Wiki is perhaps the only web idiom that is not a child of BBS culture. It derives historically from pre-web models of hypertext, with an emphasis on the pre. The immediate ancestor of wiki was a Hypercard stack maintained by Ward Cunningham that attempted to capture community knowledge among programmers. Its philosophical godfather was the dead-tree hypertext A Pattern Language written by Christopher Alexander in the 1970s.
What wiki brought to these models, which were personal to start with, was collaboration. Wiki values are often polar opposites of blogging values. Personal voice is meant to be minimized. Voices are meant to be merged.
Not so true for the personal wiki. Maybe a personal wiki is wiki software but with different values for the output?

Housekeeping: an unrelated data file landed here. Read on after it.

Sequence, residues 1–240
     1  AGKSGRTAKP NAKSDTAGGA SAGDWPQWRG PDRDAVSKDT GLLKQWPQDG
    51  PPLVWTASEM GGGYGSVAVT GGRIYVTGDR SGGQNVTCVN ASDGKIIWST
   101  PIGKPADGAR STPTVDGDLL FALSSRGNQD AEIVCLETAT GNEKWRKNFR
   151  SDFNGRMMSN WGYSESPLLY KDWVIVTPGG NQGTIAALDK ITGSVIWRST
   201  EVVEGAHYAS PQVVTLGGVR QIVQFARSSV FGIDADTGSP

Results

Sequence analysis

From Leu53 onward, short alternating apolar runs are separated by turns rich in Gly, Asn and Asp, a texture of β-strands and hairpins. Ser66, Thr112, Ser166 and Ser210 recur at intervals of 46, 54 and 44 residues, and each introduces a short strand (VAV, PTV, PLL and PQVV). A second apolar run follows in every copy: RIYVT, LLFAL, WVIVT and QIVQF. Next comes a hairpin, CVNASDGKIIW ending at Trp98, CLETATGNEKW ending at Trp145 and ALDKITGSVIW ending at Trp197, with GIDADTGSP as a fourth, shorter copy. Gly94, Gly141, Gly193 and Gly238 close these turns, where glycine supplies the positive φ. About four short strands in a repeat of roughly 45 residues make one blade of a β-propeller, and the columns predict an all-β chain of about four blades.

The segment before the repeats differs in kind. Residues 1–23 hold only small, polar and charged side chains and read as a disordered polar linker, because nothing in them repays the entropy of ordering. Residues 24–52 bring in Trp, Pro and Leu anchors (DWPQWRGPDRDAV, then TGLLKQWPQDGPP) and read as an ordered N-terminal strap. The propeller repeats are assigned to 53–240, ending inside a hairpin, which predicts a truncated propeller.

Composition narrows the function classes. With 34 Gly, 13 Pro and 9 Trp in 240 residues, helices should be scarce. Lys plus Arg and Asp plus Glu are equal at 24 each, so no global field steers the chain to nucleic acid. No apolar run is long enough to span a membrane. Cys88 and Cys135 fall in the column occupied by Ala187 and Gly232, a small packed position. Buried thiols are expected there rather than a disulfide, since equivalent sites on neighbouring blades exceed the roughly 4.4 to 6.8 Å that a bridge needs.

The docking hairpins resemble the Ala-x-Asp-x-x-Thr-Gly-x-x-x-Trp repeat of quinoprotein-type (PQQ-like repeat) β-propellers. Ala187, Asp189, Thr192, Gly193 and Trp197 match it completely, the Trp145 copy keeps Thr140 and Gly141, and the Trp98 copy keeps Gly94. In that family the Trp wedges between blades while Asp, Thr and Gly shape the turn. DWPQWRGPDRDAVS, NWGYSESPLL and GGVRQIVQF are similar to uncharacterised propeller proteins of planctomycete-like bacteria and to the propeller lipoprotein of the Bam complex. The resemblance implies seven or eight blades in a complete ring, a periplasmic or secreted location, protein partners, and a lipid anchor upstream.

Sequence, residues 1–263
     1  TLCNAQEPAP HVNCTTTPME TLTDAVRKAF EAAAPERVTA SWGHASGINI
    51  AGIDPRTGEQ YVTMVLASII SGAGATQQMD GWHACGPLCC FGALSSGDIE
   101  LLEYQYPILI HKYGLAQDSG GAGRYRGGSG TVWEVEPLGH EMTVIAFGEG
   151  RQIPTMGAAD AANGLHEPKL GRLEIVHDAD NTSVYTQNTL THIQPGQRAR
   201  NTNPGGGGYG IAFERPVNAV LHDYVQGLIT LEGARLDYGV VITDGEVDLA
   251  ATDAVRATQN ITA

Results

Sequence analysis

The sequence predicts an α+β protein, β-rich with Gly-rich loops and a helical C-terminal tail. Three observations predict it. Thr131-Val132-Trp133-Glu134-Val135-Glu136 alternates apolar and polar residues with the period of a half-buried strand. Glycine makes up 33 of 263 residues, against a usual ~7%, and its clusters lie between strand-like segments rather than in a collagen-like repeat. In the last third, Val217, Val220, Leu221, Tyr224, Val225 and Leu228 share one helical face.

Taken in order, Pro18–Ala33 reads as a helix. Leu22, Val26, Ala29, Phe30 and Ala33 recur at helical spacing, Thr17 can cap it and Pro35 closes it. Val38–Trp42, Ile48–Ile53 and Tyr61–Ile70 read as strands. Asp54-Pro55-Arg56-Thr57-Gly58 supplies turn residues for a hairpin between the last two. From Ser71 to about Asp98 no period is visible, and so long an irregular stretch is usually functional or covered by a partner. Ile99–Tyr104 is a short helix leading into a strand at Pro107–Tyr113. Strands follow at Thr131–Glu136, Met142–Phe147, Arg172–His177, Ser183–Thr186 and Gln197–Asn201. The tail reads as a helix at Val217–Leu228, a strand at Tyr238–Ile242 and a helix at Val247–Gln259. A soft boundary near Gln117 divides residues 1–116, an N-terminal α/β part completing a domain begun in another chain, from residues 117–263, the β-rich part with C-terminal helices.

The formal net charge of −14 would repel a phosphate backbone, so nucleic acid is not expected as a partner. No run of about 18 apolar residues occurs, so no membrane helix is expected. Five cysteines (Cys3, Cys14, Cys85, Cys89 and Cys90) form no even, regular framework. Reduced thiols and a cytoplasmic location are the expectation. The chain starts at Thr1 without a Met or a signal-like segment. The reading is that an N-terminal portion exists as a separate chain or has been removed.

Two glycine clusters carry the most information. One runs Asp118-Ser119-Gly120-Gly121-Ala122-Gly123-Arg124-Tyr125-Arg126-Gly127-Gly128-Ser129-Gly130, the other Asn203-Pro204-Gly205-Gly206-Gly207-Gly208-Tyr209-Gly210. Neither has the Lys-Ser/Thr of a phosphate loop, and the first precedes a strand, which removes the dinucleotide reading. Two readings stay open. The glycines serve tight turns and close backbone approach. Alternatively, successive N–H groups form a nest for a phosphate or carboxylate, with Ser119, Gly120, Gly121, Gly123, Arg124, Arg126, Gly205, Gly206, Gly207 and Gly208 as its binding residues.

Rather than serial presentation, wiki values treating pages as nodes that stand outside of any particular narrative, and attempt to be timeless rather than timebound reactions.
This is still true for personal wikis.
Wiki iterates not through the creation of new posts, but through the refactoring of old posts. It shows not a mind in motion, but the clearest and fairest description of what that mind has (or more usually, what those minds have) arrived at. It values reuse over reply, and links are not pointers to related conversations but to related ideas.